The way that human languages evolve is an area of continual interest for scientific researchers, and the explosion of online communication in the information age gives rise to arguably the richest body of data ever recorded for linguists to explore and analyse.

Now a new Facebook study of the way we express laughter in social media shows that 'e-laughter', much like any other human dialect, is evolving with the times. Researchers from the company's Core Data Science team pulled apart the way we show our amusement online and came up with some interesting conclusions. Amongst these is the revelation that LOL – the 'laugh out loud' acronym that's become virtually synonymous with digital speech – appears to be an endangered expression.

The team analysed Facebook posts and comments from the last week of May that contained strings of characters matching laughter, including variants of haha, hehe, emoji, and LOL. They found that expressions of laughter are unsurprisingly common online, with 15 percent of people using some form of e-laugh in their posts and comments. Of those, most people only laugh once per week (46 percent), and 85 percent of people post fewer than five laughter expressions in a week.

Most of us stick to just one kind of e-laugh (52 percent), while about 20 percent of people will use two different types. The most common e-laugh is haha (51.4 percent), followed by the use of emoji (33.7 percent), hehe (13.1 percent), and finally LOL with just 1.9 percent of e-laughs.

Breaking down the laughter expressions by age reveals that LOL is an outlier yet again. While the median age for all people using e-laughs is between 20 and 30 years old, LOL-ers are noticeably the oldest group, with a median in the late twenties; emoji users are the youngest; and people saying haha and hehe are somewhere in between.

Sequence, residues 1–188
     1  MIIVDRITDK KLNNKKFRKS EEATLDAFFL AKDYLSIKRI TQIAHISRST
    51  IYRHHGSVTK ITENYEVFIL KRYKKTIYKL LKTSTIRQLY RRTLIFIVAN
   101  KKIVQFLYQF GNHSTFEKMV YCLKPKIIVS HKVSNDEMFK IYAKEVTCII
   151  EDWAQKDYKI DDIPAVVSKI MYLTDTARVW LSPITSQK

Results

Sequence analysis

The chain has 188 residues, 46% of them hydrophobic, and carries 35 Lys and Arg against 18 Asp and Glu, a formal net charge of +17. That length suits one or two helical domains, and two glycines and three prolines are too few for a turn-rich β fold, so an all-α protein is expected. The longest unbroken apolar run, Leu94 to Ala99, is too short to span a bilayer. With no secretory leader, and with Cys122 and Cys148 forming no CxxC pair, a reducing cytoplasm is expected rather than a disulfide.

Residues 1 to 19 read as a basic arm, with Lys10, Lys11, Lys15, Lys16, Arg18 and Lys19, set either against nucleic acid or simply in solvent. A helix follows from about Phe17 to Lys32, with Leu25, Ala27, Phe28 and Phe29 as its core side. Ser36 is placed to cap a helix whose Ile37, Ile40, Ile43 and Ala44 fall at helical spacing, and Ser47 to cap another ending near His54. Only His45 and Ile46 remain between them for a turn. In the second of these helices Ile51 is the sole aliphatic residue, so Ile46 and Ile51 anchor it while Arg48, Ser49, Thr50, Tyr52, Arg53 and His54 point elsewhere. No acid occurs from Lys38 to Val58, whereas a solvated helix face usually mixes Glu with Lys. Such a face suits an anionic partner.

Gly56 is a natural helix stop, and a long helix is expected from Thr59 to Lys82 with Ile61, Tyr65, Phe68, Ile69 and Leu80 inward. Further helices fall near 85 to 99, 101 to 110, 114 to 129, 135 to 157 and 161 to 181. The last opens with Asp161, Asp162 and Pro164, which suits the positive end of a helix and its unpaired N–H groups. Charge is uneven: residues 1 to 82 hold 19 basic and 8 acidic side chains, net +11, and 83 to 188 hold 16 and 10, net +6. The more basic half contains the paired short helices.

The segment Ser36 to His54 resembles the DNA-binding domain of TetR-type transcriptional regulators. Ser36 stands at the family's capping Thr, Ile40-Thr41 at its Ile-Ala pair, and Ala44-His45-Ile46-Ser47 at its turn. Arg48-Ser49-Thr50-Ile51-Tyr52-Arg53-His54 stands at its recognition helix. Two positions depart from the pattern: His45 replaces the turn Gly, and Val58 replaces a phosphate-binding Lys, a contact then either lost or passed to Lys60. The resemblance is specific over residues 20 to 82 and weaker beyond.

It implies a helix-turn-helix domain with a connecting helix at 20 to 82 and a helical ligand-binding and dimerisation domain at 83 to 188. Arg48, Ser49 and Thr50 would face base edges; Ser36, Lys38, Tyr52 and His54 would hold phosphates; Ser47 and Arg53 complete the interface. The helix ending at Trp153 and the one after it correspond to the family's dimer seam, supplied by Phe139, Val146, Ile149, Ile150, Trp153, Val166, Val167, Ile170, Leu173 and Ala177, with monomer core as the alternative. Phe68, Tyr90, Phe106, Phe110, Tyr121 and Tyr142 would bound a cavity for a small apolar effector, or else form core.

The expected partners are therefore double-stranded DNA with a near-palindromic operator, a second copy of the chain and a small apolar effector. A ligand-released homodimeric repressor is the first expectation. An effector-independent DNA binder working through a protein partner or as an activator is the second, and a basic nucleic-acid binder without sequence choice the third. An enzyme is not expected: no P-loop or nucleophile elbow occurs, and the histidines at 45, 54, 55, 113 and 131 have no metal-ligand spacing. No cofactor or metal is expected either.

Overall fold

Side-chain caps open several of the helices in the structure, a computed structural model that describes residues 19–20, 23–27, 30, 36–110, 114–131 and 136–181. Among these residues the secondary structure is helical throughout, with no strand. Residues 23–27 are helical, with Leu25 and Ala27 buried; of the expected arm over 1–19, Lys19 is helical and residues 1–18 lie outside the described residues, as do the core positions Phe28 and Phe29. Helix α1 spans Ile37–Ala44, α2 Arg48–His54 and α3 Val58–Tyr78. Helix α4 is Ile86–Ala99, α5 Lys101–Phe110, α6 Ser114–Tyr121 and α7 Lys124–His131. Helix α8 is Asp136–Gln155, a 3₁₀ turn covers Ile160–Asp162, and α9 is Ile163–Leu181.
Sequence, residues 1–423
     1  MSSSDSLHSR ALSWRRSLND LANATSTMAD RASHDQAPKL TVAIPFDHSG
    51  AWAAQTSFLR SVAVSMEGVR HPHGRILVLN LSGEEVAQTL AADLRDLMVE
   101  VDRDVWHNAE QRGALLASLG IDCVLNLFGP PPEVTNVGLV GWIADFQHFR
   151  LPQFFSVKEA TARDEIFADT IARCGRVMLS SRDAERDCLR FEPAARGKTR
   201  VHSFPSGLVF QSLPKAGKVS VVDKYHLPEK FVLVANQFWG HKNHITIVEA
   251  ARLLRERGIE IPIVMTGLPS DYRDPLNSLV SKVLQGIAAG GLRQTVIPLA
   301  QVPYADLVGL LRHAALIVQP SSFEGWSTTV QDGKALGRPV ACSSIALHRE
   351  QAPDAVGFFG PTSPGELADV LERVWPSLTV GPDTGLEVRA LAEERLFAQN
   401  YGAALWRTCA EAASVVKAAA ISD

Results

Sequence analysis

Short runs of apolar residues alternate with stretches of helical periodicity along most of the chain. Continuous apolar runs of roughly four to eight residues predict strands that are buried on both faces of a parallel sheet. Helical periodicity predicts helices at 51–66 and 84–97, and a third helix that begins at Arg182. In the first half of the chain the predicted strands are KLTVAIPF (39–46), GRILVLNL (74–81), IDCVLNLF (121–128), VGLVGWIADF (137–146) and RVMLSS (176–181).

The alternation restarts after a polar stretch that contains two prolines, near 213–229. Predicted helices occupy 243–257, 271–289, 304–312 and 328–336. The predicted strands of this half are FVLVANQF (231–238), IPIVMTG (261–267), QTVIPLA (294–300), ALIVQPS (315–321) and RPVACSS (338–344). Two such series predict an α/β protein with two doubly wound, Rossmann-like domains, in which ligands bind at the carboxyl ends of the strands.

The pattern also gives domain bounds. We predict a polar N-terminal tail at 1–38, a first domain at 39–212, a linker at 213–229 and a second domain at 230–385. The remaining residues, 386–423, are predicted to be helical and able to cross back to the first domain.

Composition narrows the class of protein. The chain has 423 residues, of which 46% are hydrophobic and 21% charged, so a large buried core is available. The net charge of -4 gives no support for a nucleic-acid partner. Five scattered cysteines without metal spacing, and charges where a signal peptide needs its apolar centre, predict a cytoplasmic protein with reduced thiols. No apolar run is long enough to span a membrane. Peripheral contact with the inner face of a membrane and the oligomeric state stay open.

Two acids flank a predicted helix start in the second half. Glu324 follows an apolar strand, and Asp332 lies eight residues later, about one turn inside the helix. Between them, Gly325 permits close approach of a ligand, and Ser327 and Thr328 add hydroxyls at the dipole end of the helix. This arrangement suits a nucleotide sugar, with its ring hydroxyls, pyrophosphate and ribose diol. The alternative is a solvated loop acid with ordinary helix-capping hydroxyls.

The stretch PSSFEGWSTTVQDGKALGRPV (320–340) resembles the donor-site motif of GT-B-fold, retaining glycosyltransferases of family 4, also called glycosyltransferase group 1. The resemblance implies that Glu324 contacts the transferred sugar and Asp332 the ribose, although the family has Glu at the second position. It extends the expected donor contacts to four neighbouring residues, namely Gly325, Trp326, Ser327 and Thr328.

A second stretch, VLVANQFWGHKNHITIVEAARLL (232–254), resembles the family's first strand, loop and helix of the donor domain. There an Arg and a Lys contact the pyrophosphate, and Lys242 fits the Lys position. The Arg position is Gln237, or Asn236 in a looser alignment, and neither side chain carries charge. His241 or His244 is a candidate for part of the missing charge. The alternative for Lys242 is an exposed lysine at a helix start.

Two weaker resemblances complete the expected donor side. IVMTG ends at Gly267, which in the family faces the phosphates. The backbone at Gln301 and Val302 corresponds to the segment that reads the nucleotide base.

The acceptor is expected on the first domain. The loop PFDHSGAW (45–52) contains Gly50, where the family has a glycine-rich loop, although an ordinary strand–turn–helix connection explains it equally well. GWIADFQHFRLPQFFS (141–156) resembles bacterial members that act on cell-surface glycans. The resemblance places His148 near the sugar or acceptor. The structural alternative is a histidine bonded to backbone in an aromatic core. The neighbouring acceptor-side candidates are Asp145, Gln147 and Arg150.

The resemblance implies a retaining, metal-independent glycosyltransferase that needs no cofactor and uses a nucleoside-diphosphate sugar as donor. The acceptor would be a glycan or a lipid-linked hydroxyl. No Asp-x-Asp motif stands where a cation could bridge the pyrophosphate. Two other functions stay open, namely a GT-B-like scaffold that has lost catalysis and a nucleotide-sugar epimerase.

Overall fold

The revelation that LOL is dead and only used by older people – likened to "basically decrepit technology dinosaurs with very little idea of what's going on in the culture of today" by one writer – has been met with some amusing commentary online. According to Caroline Davies of The Guardian, the first nail in LOL's coffin was when it gained mainstream legitimacy by being included in the 2011 Oxford English Dictionary, followed shortly after by this shocking ignominy:

LOL was to suffer an even worse blow in 2012, when it emerged that David Cameron had taken to tapping it into his smartphone – albeit in the mistaken belief it stood for "lots of love".

But is it any surprise that LOL is on the way out? Perhaps not. Unlike the other forms of e-laughter looked at by Facebook in its analysis, LOL is not just an expression of amusement – it's also an abbreviation used in the economical 'txt-speak'. Stemming from an age before social media where people who used SMS messaging and basic online chat were limited to short missives and text-only characters, txt-speak popularised the use of abbreviations and slang to let people get their message across in more efficient ways.

With newer, less restrictive ways of expressing ourselves now thanks to contemporary technology and social media, LOL doesn't have quite the cachet it once did. A little sad maybe, but that's the way it goes when language, culture, and technology evolve alongside one together.